October 1, 2020
Frustration mounts over fixing Friant-Kern Canal
Friant Water Authority CEO Jason Phillips was disappointed with Gov. Gavin Newsom’s veto of Senate Bill 559 on Monday, calling it a missed opportunity for the administration.
Phillips yesterday said the bill would have allowed the state “to define appropriate terms for becoming a partner” in a project to repair damage along the Friant-Kern Canal.
“This is just the latest in a long history of snubs from Sacramento,” he said, adding that Newsom’s promise of a more holistic approach to the problem “rings hollow to the San Joaquin Valley.”
Phillips explained that the Friant Water Authority worked in partnership with the Bureau of Reclamation for two years to draft a plan and financing for the repairs. The damage is due to subsidence related to groundwater overuse, which was “exacerbated by decades of compounding water regulation by the state and federal governments,” he said.
Newsom appoints an Audubon director to Water Commission
Newsom has appointed Samantha Arthur to the Water Commission. As the working lands director at Audubon California, Arthur has worked with Central Valley farmers to establish bird-friendly practices and habitat restoration as well as groundwater recharge projects.
Arthur spearheaded efforts in 2018 to convince the Fish and Game Commission to list the tricolored blackbird as threatened under the California Endangered Species Act.
Samantha Arthur (photo: Audubon)
USDA awards $72 million in Specialty Crop Block Grants
The USDA Agricultural Marketing Service announced yesterday awards totaling $72 million through the Specialty Crop Block Grant Program.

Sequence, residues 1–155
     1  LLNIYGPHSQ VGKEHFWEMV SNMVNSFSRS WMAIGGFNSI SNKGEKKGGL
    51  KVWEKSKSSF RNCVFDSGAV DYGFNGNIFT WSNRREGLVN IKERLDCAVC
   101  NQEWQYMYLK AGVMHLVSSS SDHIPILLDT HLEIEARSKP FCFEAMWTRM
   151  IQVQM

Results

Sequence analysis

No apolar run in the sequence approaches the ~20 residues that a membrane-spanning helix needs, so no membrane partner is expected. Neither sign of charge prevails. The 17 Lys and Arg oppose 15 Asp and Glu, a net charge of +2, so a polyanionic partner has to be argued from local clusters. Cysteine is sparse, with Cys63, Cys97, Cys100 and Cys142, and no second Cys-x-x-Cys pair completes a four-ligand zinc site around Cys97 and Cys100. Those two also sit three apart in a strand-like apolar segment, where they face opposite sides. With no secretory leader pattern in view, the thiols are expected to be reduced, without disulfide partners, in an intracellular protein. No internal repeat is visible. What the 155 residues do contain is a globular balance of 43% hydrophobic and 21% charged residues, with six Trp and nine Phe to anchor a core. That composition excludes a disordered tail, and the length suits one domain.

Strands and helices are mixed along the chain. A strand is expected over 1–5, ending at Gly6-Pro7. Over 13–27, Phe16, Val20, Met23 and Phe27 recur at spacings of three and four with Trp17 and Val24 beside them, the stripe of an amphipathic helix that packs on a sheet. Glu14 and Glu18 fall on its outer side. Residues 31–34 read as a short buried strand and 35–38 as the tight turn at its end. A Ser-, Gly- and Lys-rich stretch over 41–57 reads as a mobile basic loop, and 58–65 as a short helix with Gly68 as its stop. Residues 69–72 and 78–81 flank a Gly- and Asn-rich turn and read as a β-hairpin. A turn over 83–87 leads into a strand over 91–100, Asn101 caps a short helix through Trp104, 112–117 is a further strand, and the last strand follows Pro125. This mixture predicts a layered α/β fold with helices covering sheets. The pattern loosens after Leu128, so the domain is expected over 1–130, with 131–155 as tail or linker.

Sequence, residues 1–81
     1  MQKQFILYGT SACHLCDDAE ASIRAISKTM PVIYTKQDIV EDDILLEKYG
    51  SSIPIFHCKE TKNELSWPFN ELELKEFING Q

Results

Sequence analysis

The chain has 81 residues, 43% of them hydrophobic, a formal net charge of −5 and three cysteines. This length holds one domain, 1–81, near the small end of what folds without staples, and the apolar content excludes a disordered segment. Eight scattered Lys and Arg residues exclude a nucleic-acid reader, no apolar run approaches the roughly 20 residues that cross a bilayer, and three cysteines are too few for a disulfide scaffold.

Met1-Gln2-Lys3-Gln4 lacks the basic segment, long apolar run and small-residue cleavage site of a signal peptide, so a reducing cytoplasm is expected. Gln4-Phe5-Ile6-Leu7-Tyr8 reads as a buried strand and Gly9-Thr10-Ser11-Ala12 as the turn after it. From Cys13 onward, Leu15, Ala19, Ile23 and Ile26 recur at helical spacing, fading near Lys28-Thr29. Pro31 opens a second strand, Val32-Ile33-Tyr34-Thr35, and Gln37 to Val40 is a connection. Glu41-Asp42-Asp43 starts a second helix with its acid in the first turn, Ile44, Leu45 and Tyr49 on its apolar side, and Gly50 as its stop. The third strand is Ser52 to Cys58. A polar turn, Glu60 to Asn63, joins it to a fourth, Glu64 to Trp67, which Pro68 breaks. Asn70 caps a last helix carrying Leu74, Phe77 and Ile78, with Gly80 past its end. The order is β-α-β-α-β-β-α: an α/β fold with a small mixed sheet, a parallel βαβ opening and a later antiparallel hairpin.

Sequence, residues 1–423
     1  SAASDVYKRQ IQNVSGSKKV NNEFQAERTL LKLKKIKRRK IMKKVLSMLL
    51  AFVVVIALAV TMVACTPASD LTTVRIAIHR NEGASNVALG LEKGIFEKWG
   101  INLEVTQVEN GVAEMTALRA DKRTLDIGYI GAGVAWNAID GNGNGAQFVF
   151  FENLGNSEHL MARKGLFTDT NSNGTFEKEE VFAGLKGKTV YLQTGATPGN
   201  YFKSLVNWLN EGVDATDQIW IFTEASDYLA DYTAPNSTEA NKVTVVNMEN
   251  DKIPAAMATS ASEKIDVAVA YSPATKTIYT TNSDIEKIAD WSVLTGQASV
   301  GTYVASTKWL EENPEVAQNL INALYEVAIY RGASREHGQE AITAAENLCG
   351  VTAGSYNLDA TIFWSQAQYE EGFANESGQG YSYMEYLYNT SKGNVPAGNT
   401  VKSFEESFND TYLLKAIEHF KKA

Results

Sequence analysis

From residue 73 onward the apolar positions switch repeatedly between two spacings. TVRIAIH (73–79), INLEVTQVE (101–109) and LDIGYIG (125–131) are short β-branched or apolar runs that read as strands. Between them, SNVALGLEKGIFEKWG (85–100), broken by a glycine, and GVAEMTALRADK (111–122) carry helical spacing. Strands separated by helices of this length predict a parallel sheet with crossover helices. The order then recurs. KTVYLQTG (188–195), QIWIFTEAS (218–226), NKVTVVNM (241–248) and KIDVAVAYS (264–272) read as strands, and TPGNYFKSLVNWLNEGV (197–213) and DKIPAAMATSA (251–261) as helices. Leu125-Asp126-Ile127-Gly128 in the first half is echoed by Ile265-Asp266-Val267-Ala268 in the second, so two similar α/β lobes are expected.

The projects will help to increase demand for agricultural goods and help farmers in complying with the Food Safety Modernization Act. The program will also finance research into conservation, improved seeds and pests and disease.
Another $4 million went to food security microgrants.
USDA killing wage survey, raising questions about H-2A rates
USDA has announced plans to kill its survey of farmworker wages, a move the United Farm Workers claims is aimed at cutting wages for H-2A workers. In a notice posted Wednesday, USDA says the fall survey conducted by the National Agricultural Statistics Service is no longer needed because of data that is available from other sources.
The Labor Department uses the NASS wage survey to set the annual state wage minimums, known as the Adverse Effect Wage Rate, or AEWR, for H-2A workers. This year, the rates went up 6% nationally, with farmers in some states seeing increases of up to 10%.
“Instead of providing genuine COVID-19 protections, paid sick leave and hazard pay to field workers, Trump now proposes cutting their wages in the middle of a pandemic that is afflicting them at alarming and increasing rates,” said UFW Foundation Executive Director Diana Tellefson Torres.
Take note: Representatives of the Labor Department, which sets the AEWR, had no immediate response about the USDA action.